As a result, there was a spontaneous outpouring of people to show the Amish community that not everyone believes like the arsonists. Over 6,000 people, none of which were Amish, voluntarily took the time and came to this community to help rebuild those barns, bringing tools, material and food. They came in trucks and cars and even by the chartered busload. One group came in two chartered buses. The buses pulled up in front of one of the sights and the people started getting off, each of them equipped with a carpenter's tool belt. And in less than a month, all six of those barns had been rebuilt.
The Amish community said that they were overwhelmed by that outpouring of love. You see, God does allow us to be touched by grace in the face of our doubts. God lets us taste the sweet goo of God's glory in the Risen Christ. Like Thomas, those folks have touched and been touched by God's grace.
C. A man, who had never heard the story of Christ, was walking down the street when he saw a very beautiful picture of the crucifixion in a store window. As he gazed spellbound at the vivid picture, he suddenly became aware of a young boy standing at his side. The boy was gazing at the picture, too. The man could tell by the expression on the boy's face that "The Crucifixion" had really gripped that little boy's soul. Touching the boy on the shoulder, the man said, "Son, what does it mean?"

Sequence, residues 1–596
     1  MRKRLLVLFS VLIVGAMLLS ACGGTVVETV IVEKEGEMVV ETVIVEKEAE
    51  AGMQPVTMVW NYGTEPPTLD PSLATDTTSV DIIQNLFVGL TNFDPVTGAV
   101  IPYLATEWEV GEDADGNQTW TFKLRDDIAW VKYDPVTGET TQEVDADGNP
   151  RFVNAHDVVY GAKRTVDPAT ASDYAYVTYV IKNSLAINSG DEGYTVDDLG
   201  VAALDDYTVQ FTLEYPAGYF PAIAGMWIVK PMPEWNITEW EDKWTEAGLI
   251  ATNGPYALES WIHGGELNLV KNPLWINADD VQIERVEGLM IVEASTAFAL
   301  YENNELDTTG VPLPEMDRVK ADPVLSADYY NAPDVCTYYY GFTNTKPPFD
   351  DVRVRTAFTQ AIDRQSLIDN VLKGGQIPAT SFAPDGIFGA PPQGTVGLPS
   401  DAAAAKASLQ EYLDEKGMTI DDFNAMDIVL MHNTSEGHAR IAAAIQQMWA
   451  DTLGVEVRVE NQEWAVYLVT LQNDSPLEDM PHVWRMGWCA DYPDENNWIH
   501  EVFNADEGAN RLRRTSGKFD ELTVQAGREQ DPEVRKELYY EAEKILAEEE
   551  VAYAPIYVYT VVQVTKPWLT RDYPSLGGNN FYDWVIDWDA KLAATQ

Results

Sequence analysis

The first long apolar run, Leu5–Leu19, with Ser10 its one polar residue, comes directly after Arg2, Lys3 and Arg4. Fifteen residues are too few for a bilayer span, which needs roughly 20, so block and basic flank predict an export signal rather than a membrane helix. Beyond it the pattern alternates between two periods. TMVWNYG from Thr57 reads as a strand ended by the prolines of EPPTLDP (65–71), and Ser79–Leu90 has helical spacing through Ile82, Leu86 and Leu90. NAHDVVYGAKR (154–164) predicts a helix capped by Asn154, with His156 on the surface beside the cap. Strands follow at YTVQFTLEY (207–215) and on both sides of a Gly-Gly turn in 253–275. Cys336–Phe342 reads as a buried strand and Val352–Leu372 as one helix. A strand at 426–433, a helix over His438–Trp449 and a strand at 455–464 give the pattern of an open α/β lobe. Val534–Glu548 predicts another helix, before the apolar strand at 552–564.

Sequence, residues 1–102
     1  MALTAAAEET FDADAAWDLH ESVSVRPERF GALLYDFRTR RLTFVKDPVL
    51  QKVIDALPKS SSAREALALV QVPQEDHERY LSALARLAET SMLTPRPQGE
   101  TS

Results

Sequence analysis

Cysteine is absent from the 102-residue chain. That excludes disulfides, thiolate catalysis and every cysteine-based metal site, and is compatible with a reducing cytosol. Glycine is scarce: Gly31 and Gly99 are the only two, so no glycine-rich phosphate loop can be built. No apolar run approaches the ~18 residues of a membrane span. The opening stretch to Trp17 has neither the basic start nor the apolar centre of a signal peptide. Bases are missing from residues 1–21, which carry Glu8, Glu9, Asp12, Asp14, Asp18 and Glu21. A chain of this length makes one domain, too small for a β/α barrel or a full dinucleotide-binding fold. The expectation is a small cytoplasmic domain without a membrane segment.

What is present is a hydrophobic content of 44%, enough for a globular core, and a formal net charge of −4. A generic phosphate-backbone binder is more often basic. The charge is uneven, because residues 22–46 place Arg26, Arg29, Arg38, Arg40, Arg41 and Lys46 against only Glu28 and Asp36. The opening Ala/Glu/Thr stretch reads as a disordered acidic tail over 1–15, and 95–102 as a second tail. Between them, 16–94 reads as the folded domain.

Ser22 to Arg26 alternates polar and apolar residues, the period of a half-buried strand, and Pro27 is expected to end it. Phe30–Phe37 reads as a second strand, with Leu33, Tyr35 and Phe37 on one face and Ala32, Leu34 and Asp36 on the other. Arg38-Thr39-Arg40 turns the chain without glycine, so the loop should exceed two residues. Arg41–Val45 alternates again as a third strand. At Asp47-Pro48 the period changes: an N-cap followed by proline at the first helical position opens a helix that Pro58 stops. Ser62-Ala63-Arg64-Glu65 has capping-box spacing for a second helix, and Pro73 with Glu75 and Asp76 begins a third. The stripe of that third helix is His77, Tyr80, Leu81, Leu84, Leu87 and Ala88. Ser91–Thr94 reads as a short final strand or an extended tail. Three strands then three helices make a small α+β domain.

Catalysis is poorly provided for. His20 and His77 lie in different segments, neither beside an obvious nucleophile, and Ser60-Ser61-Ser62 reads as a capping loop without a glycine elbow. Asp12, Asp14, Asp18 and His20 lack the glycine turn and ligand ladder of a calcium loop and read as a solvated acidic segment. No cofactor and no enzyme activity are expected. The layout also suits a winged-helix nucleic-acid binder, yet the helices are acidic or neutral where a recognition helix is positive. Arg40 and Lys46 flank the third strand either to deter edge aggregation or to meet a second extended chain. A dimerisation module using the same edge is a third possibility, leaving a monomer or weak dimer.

"Doncha know?" the boy answered, his face full of the marvel of the man's ignorance. "That there man is Jesus, an' them others is Roman soldiers, an' the woman what's cryin' is His mother, an'" he added, "they killed 'im!"
The man didn't want to move from in front of that impressive piece of artwork but he had other things he had to do, so he turned and walked away. A few moments later he heard footsteps on the street behind him, and that same little boy came rushing up, out of breath. And he said, "Say, mister, I forgot to tell you, but He rose again. He's alive!"
Through that boy, that man touched and tasted the sweet goo of God's glory in the Risen Christ. That man had touched and been touched by God Grace. He tasted and believed.
And that's the Good News. God touches us and allows us to be touched by grace. God lets us taste and believe.